Looking within: discovering plenty amidst the lack

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As I mentioned in my post, “Another way to look at the pandemic ‘pause,’” I’m discovering new things about myself since 2020 took a major detour. While much becomes ingrained in our habits and thought processes simply because “that’s the way I’ve always done it,” the current COVID-19 climate has required a mandatory “pivoting” of our mindsets. One shining example: When my daughter’s gym temporarily closed due to the social-distancing order, it crushed her. Although she knew it afforded a minor inconvenience overall, she dreaded a derailment of her fitness goals. However, after a short-lived pity party, she soon realized that everything she needed to maintain her daily practice stared her in the face. In fact, she recently conquered—and exceeded—her goals. But not without inner resolve, a dash of creativity and a boatload of fierce grit. I couldn’t be prouder of her. It’s heartening how a global crisis can reveal the best within us. If we let it.

Where have you discovered plenty amidst the lack?

Image courtesy of cooldesign at FreeDigitalPhotos.net.

Visualize it to become it


I teeter on the edge—close to abandoning my passion once again. But in the quiet of morning—that fuzzy space when daybreak balances in the silence—my husband’s body presses against mine, his arm draped over me. Sheets askew, strips of sunlight strain to penetrate the shutter seams. And his mouth brushes my hair as he speaks: I haven’t seen you write lately. It isn’t how these words string together to form meaning. It’s what he doesn’t say: I notice you; there’s something missing. As I often do with my hopes—my feelings—I tamp them down; the ashes turn cold from neglect. Yet even though I pretend I’m okay, that I’m happy, soon the need to seek solitude and inspiration along the mountain trails will become a tangible draw. But it’s now that I see a glimmer among the dust motes: the spark of resolve as it ignites. I visualize myself as a successful writer. A published novelist. I’m back.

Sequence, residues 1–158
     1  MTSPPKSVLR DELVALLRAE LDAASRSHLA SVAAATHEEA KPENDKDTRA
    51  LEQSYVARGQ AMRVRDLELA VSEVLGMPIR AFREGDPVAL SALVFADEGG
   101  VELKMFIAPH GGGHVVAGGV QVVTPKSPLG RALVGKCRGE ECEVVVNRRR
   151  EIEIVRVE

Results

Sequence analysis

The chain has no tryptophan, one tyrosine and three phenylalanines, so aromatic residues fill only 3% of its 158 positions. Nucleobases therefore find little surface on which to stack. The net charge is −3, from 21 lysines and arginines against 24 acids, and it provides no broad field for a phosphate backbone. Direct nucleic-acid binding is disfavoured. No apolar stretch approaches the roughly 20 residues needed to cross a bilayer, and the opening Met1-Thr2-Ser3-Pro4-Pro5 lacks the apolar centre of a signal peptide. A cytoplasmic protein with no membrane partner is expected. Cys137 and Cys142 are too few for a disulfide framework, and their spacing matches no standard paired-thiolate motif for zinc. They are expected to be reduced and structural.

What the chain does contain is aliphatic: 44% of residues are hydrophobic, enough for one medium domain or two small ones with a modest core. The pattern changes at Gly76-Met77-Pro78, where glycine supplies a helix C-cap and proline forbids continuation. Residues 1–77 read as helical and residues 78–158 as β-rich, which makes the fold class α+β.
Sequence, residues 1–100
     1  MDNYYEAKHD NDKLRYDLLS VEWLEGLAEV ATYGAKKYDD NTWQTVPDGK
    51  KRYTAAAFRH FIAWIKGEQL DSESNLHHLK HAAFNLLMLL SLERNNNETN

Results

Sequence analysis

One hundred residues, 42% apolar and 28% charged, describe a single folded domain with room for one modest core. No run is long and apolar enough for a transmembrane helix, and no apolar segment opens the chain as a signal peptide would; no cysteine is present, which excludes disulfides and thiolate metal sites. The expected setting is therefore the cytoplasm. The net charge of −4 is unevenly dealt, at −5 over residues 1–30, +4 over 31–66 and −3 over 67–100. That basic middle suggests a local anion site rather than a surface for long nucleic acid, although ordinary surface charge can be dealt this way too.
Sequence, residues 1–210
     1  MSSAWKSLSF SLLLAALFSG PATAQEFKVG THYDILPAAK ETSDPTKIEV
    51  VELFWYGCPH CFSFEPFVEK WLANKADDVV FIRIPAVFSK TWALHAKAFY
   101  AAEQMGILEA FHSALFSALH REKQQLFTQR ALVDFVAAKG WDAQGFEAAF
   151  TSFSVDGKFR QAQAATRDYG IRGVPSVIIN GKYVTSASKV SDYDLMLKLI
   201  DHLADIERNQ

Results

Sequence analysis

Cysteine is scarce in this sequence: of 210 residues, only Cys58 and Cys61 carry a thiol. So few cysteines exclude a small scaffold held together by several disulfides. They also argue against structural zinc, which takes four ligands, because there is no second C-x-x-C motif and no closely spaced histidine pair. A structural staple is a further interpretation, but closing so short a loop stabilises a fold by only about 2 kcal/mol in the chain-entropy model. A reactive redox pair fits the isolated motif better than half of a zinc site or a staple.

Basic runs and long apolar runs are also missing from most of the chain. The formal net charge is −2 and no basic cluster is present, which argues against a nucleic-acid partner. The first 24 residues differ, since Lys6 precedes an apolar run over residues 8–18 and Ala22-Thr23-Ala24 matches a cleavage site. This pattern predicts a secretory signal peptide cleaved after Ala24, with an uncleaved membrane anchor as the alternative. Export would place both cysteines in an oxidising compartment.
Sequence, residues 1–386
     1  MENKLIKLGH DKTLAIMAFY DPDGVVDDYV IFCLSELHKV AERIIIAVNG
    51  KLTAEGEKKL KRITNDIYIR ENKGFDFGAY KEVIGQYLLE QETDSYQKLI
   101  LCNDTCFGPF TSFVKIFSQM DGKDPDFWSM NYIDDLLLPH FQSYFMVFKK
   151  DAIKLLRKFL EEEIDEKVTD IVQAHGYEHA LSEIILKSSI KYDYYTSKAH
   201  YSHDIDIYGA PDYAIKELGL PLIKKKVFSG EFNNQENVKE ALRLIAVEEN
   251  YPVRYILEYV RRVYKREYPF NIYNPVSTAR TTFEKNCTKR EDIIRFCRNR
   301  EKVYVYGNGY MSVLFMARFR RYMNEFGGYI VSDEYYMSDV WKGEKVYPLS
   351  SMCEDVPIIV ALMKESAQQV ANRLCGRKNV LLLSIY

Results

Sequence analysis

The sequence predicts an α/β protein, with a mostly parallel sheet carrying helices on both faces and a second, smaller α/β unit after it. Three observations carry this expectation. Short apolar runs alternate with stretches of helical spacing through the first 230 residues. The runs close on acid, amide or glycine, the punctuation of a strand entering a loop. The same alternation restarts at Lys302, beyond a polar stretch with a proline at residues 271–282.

What do you need to visualize?

Image courtesy of Stuart Miles at FreeDigitalPhotos.net.

Eye of the storm

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[Image credit: Photokanok]

It’s difficult when you find yourself in a situation where nothing you do or say can change the outcome.  Perhaps the only thing to do is accept it’s for the best.  Second-guessing or talking until you’re blue in the face might prove to be counterproductive.  Besides, your energy may be better spent on dusting off your tattered pride and doing something good for someone else.  Karma, the Golden Rule, loving your neighbor as yourself — whatever it means to you.   And once you get past the disappointment, betrayal or hurt, it’s also easier to remember that when one door hits you in the rear end, another one is waiting for you to walk through and claim the better prize.  I’m not saying that’s an easy feat, especially when you’re right in the middle of the storm.  But when you’re focusing on how to save yourself from drowning, you just may discover an inner resolve you never knew you possessed.

What do you do when there’s nothing left to do?